The night of his arrest, Stotts identified himself to the officers as Jackie Wayne Simmons. Stotts signed his fingerprint card as Simmons. The water, electricity and cable services for the residence were also in that name. A criminal history check of Jackie Wayne Simmons came back negative. Mundy became suspicious, however, because of Stotts's unusual behavior at the Criminal Justice Complex in Memphis, Tennessee, where he turned to face the rear of the elevator immediately upon entering without being instructed to do so. Mundy concluded that Stotts must have been at the CJC before. Further investigation revealed Stotts's true identity, and that he had a criminal record.
ATF experts determined that the explosive devices found in the residence were an "improvised incendiary bomb," and a "combination of parts that could be readily assembled into an improvised explosive bomb." Furthermore, based on photographs Defendant offered at trial, one expert testified that the fuse that ignited the explosive device could have burned from fifteen seconds to two minutes at the longest. Another government expert testified that all of the firearms in the house had previously traveled in interstate commerce.
DEA Chemist Theresa Kout testified that the reaction vessel seized on the night of the search did in fact contain methamphetamine. Kout stated that if the reaction had finished cooking, it would have produced approximately 141 grams of methamphetamine.
Stotts was charged on March 11, 1996, with manufacturing methamphetamine, in violation of 21 U.S.C. § 841(a) (1) (Count 1); using or carrying a destructive device during and in relation to a drug trafficking offense, in violation of 18 U.S.C. § 924(c) (Count 2); using or carrying an unassembled destructive device during and in relation to a drug trafficking offense, in violation of 18 U.S.C. § 924(c) (Count 3); and being a felon in possession of firearms, namely a shotgun, a semi-automatic pistol and a revolver, in violation of 18 U.S.C. § 922(g) (Count 4).
A jury found Defendant guilty on all four counts. The district court sentenced Defendant to 327 months on Count 1 and 120 months on Count 4, to run concurrently; and 360 months on Counts 2 and 3 to run concurrently to each other, but consecutive to Count 1; for a total of 687 months imprisonment, to be followed by five years of supervised release. Stotts timely appealed.
Stotts claims that the district court erred in denying his motion to suppress. Stotts argues that the search warrant lacked probable cause because there was not a sufficient showing that any illegal chemicals or drugs were being manufactured. Stotts also argues that there was insufficient probable cause because Mundy relied upon observations of other individuals without knowledge as to their background or training.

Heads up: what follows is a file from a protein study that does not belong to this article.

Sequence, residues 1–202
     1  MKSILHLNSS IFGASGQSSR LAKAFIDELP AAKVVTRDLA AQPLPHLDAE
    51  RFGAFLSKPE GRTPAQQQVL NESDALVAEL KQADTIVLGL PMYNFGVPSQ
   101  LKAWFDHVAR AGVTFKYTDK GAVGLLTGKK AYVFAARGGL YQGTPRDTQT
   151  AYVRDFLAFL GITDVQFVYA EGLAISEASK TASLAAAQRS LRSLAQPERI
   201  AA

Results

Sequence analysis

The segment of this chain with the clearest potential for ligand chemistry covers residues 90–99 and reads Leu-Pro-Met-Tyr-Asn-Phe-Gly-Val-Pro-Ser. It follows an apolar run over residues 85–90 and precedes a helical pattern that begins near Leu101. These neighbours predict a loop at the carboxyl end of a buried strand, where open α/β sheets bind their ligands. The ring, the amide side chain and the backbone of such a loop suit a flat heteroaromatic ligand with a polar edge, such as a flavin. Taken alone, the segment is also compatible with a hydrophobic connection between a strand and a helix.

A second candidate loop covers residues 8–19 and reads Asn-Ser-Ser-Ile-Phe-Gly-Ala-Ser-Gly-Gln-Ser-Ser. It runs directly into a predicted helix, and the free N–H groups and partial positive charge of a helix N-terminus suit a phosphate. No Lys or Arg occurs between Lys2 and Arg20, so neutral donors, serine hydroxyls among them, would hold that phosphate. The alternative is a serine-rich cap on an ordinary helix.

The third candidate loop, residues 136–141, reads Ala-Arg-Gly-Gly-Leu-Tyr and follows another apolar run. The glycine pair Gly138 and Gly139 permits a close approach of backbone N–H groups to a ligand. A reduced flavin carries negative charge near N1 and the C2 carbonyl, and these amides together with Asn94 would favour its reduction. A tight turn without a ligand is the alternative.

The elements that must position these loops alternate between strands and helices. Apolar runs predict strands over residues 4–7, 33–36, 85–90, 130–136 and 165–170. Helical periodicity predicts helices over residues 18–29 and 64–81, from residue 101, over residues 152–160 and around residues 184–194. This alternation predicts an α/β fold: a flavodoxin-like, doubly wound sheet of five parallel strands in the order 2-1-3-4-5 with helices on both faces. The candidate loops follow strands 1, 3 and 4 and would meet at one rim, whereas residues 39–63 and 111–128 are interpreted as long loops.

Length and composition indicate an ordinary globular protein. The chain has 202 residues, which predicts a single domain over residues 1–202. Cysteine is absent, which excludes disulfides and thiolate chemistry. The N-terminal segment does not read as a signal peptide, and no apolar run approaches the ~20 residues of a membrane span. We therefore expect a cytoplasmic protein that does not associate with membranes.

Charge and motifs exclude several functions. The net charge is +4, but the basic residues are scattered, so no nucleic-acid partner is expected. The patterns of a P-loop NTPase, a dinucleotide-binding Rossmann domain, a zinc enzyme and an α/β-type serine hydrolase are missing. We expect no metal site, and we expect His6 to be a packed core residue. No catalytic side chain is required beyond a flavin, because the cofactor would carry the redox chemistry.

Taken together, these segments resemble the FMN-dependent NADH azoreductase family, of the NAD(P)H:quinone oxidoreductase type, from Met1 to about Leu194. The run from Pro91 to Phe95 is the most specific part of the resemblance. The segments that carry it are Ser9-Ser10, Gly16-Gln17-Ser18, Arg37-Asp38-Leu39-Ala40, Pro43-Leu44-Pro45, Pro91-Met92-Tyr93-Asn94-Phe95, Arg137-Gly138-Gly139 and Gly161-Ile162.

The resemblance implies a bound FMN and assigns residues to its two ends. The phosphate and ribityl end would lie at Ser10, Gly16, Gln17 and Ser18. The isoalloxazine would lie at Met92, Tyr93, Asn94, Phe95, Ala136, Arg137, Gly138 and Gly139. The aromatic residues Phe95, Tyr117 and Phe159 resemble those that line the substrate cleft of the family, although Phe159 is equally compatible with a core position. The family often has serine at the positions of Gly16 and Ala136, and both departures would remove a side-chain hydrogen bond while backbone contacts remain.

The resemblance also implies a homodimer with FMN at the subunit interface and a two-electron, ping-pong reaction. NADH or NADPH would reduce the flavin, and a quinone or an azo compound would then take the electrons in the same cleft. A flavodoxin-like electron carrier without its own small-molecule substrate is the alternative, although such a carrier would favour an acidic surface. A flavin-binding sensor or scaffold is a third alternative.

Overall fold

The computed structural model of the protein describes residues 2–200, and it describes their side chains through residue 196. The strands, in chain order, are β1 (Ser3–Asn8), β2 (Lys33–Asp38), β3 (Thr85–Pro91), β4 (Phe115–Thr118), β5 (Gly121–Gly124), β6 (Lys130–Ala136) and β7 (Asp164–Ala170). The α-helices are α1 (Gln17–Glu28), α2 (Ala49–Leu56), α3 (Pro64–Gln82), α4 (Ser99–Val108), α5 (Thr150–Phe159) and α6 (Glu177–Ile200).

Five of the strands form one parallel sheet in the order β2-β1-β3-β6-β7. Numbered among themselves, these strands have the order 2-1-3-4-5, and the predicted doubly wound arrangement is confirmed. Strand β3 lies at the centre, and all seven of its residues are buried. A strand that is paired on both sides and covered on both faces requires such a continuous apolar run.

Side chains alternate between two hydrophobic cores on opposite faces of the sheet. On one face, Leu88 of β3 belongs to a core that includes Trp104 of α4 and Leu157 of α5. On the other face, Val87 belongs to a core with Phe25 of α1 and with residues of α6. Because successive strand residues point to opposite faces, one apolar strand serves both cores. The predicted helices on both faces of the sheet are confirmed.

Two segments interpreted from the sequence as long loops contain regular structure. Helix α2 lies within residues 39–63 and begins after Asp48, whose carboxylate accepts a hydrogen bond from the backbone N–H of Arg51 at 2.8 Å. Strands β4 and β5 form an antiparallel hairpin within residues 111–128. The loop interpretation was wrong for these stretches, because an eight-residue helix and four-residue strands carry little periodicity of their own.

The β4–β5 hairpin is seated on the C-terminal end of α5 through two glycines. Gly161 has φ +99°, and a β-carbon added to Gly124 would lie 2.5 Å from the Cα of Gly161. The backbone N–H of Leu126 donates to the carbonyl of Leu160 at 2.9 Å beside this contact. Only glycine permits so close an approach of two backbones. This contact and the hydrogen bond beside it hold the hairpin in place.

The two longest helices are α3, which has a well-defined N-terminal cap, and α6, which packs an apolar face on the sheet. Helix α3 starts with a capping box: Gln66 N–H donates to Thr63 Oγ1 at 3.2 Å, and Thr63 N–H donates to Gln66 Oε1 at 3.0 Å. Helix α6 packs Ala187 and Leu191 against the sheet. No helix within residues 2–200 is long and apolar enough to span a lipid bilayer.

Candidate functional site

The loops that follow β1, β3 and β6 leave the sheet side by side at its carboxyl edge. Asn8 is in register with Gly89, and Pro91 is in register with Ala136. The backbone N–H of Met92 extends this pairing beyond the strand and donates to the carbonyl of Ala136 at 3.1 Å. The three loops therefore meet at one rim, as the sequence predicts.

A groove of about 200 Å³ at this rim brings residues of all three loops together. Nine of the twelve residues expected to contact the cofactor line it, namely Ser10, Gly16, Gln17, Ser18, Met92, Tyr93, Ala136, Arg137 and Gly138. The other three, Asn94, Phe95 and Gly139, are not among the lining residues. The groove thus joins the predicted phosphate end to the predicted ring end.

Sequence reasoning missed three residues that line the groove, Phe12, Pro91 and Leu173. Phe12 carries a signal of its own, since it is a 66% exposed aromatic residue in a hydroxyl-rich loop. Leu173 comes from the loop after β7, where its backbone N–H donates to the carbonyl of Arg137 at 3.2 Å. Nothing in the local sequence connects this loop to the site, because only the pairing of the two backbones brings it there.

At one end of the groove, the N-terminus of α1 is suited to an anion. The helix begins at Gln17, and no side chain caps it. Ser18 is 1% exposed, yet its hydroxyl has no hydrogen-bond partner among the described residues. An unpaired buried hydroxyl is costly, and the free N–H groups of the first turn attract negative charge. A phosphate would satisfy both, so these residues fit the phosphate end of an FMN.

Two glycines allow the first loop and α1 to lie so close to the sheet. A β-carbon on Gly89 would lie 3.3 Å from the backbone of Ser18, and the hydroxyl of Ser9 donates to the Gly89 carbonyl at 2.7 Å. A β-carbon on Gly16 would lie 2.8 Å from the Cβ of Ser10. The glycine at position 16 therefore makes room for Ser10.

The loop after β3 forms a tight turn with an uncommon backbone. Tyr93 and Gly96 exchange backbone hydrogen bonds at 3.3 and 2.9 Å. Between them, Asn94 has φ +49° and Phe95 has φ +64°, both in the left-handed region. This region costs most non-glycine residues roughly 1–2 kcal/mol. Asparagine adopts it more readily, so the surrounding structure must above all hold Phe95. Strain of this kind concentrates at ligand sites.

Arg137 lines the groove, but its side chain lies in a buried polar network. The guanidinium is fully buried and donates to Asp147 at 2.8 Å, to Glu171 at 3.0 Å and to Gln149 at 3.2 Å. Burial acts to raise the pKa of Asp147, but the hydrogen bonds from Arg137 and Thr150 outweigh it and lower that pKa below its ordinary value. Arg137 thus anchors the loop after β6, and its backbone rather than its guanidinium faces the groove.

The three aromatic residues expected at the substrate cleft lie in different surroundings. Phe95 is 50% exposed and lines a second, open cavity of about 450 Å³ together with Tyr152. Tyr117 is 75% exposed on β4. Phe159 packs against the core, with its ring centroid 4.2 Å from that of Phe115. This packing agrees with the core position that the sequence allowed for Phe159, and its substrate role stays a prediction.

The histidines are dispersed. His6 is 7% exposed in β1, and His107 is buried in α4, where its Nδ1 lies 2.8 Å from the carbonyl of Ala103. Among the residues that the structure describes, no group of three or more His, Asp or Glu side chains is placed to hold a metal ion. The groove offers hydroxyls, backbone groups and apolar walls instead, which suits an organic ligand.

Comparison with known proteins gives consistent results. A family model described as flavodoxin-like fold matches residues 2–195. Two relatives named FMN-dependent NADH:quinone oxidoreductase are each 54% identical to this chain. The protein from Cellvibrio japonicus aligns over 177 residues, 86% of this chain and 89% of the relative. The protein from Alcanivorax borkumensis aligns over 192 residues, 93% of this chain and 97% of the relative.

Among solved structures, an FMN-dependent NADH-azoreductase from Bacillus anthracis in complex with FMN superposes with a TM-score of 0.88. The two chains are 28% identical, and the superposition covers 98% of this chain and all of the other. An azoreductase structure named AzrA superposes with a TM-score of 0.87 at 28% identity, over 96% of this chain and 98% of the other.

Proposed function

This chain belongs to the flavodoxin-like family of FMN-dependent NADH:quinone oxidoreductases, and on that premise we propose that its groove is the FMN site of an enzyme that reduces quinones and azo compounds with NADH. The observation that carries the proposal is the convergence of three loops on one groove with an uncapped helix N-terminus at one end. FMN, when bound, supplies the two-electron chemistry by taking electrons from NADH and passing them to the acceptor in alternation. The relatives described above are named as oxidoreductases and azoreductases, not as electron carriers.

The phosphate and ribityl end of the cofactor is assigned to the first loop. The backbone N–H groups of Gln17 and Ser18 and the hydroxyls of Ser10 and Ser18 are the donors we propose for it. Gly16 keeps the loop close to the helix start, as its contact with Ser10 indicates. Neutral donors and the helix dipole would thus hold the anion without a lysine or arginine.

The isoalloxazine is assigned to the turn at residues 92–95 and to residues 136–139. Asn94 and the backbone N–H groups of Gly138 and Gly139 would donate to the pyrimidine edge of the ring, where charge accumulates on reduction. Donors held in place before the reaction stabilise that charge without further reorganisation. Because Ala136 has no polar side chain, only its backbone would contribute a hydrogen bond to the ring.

The district court ruled that:
The fact that Agent Mundy actually saw the purple, red, powdery substance on the fireman's glove, coupled with the statement of the fireman that this was a flash explosion, an unusual fire, had an acrid or burning smell to it--that, coupled with Agent Mundy's knowledge that red phosphorous is used in the manufacture of methamphetamines, was at the very least, the basis for probable cause.
.... [C]oupled with the testimony--or the statement that there were cans of chemical powders, beakers and tubes and burners, leads the court to conclude that there was probable cause for the issuance of the search warrant.
We review a district court's factual findings in deciding suppression motions for clear error and its conclusions of law de novo. See United States v. Jones, 159 F.3d 969, 973 (6th Cir. 1998). We review the issuance of a search warrant under the "totality of the circumstances" to determine whether the facts in the supporting affidavit indicate a fair probability that evidence of a crime would be discovered. See Illinois v. Gates, 462 U.S. 213, 238-39, 103 S. Ct. 2317, 76 L. Ed. 2d 527 (1983). " [P]robable cause requires only a probability or substantial chance of criminal activity, not an actual showing of criminal activity." Id. at 243-44 n. 13.
We agree with the district court that sufficient probable cause existed for issuance of the search warrant. The affidavit for search warrant which Mundy prepared is entirely consistent with his testimony before the district court. Thus, in determining probable cause, both the district court and issuing magistrate knew that: (1) a fire had reacted in a unique manner to water and produced acrid smoke that was irritating when inhaled; (2) these characteristics are consistent with a chemical fire; (3) defendant attempted to hide laboratory glassware and other items from the firemen; (4) the fireman's gloves used to smother the fire were covered in what appeared to be red phosphorous, a chemical used in the production of methamphetamine; (5) several loaded firearms were located in the residence; and (6) defendant attempted to hide various items from the firemen. In other words, the foregoing facts demonstrated a "substantial chance of criminal activity."